View Full Version : I-130 is Best way to File?
07-09-2011, 06:38 PM
I'm a US Born American Citizen. I am currently a volunteer missionary (with a missionary residence visa) in Nicaragua, Central America. Over the past 5 years I have supported myself by going back to the USA for 1 or 2 months out of every year to work & save up money to return to my residence in Nicaragua. In Nov 2009 I married a Nicaraguan man and it is our desire to continue to do the missionary work here in Nicaragua, however now we need to figure out the best way to get permission for him to enter the USA. He was granted a tourist visa for 2 weeks in 2010 (his first entrance to the USA), in the fall 2011 we wish to go again. We can apply for a 10 year tourist visa this time, but that will not give him the ability to work there with me.
Questions: If we apply for residency status using the I-130 form, how long can we legally stay outside of the USA each year? If we returned to the united states once a year for 1 or 2 months, would it be sufficient or will it cause problems where they could take away his residency?
If they took his residency away, would it mark his record permanently?
It is not our goal to remain in Nicaragua forever, but if we can find a way to support ourselves we would like to continue here at least a few more years.
Is there any other method of application that you would suggest that would help our situation?
Thank you for your time and assistance.
You might want to get some legal help. However, once a residency (Green card) is approved, that person must show intent to be a resident of the US. Hence the word: residency. If someone has no intent of residing here, then Immigration/CBP have the right to deny entry to that person as a resident. As rule of thumb, the GC holder needs to be physically in the US for at least 6 months out of a year. CBP will allow entry for absences up-to a year. Over a year, and you need to file for a special permit to re-enter the country again. Permission is granted up-to a max of 2 years. Longer absence simply implies that you have abandoned the US and have no intent of living in the US as a resident. I think if you work for an American co./Org or the Govt./Military and posted overseas you are allowed some extra relief. But you really need to talk to a lawyer. The safest bet is not to stay away for more than a year and stay in the country for at-least 6 months at a time. You spouse is actually eligible for a faster citizenship within 3 years. However I believe in that case your spouse needs to be residing in the US for 2.5 out of those 3 years. Talk to a good immigration lawyer.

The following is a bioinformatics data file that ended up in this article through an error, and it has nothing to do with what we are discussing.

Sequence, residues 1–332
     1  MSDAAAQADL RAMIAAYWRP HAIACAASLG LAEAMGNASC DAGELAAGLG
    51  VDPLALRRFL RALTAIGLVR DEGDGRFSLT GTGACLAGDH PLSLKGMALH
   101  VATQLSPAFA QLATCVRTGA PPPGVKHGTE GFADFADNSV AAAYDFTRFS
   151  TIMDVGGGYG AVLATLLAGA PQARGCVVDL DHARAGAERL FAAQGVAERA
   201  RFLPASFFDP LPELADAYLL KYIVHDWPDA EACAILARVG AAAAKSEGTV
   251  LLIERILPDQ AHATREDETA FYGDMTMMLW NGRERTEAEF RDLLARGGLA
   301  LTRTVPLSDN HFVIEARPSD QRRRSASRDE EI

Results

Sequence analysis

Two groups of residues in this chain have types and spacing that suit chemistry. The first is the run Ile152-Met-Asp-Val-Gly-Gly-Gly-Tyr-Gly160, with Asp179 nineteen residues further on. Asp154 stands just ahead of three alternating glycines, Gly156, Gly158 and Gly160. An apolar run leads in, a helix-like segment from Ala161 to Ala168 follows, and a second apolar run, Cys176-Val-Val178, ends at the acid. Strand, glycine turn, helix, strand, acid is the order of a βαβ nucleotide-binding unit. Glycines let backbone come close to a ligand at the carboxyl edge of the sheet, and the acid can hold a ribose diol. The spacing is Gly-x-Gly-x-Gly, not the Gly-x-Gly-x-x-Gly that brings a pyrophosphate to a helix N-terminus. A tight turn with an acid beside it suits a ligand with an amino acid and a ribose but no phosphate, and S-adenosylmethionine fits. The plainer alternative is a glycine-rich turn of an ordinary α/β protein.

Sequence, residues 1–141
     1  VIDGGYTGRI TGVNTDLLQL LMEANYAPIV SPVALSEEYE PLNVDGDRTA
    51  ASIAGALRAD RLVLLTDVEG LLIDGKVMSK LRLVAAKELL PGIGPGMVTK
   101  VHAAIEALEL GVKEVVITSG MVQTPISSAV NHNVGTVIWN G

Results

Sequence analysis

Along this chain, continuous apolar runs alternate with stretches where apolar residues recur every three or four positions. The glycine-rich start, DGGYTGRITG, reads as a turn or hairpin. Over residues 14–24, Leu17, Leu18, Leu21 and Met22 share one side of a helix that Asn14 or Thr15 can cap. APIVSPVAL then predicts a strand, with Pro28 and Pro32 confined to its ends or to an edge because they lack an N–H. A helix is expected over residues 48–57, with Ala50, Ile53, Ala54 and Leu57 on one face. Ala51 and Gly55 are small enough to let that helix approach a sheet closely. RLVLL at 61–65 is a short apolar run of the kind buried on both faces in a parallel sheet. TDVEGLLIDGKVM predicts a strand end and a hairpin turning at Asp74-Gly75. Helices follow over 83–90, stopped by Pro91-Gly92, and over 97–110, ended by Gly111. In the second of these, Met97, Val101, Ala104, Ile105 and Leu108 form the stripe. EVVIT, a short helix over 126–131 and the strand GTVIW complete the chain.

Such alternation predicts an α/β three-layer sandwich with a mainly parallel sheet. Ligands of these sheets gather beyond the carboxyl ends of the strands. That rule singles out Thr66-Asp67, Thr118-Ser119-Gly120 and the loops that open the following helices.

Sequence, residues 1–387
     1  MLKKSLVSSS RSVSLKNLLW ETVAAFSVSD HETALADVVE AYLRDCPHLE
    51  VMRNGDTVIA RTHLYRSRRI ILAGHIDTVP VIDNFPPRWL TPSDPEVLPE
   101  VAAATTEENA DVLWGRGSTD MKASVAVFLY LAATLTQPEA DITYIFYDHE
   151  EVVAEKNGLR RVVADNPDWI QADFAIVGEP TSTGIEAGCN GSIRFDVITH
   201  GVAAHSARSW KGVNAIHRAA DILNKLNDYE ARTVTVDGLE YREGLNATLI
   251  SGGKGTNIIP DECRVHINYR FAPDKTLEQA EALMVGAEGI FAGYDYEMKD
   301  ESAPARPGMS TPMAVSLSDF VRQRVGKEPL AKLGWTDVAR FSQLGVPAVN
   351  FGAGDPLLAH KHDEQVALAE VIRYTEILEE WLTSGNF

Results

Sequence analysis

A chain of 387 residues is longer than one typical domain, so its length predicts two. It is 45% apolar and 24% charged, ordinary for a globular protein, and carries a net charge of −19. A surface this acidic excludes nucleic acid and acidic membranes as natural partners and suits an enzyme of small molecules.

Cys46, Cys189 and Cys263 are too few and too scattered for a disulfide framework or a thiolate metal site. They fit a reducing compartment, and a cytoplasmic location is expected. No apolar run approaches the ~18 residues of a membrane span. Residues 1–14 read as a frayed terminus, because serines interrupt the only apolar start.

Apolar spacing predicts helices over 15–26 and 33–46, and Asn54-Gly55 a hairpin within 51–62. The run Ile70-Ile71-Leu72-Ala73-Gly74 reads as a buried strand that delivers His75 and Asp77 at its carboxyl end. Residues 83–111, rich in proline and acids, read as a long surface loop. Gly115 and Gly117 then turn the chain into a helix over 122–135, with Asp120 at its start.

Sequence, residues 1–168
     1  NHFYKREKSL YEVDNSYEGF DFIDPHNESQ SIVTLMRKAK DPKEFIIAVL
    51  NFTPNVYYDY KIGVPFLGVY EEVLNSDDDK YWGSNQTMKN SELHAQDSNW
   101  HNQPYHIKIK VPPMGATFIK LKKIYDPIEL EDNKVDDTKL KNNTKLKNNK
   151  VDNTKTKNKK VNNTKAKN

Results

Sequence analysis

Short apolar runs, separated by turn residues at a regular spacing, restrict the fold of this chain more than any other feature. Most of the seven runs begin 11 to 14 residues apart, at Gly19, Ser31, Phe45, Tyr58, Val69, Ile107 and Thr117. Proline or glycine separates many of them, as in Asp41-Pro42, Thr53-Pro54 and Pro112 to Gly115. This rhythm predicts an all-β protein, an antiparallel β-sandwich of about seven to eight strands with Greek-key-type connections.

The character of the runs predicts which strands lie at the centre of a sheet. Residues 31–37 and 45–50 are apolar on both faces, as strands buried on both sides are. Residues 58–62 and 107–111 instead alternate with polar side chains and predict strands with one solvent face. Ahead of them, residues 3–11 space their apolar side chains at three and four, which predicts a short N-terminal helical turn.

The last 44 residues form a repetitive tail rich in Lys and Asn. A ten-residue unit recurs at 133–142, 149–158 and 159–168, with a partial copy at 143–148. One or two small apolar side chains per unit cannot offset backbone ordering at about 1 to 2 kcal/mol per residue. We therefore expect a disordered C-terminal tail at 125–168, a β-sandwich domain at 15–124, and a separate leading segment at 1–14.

07-10-2011, 10:43 PM
Deba, thanks for your response.
You know, its unfortunate for my plans, but what you explained sounds logical, I just haven't been able to actually find that information cited anywhere.
Volunteer missionary = poor, can't hire a lawyer.
Hoping I could at least find out what our options are from someone who knows the system.
Here's official information on the USCIS home page:
USCIS Home Page (http://www.uscis.gov) -> Green card -> Click on Travel outside the US
Basically, it states the same things discussed above. I had the same questions and explored the options. Not sure if you'd get any radically different answer. But worth a try.
As for legal help, there are a few avenues you might want to consider:
1. This forum regularly schedules free calls with lawyers. Though focussed on Employment based immigration issues, it is generally open to other questions. You get a chance to ask the attending lawyer about options.
2. Ask a lawyer directly. Many lawyers are willing to work pro bono. In your case it is a situation for clarifying some technicalities on the time of residence required after the green card is issued. So, may not be a complex immigration case. Explain that you are a missionary and would appreciate some time to discuss your situation. I'm sure there are many that'd be ready to help.
3. Free Immigration clinics held by churches/community orgs. A word of caution: If you are going to any of these, be careful about who you talk to and their immigration law related credentials on offering advice. You may not always find an actual attorney, sometimes para legals and such are not knowledgeable enough to answer specific questions.
Hope that helps. Good Luck.
vBulletin® v3.7.4, Copyright ©2000-2013, Jelsoft Enterprises Ltd.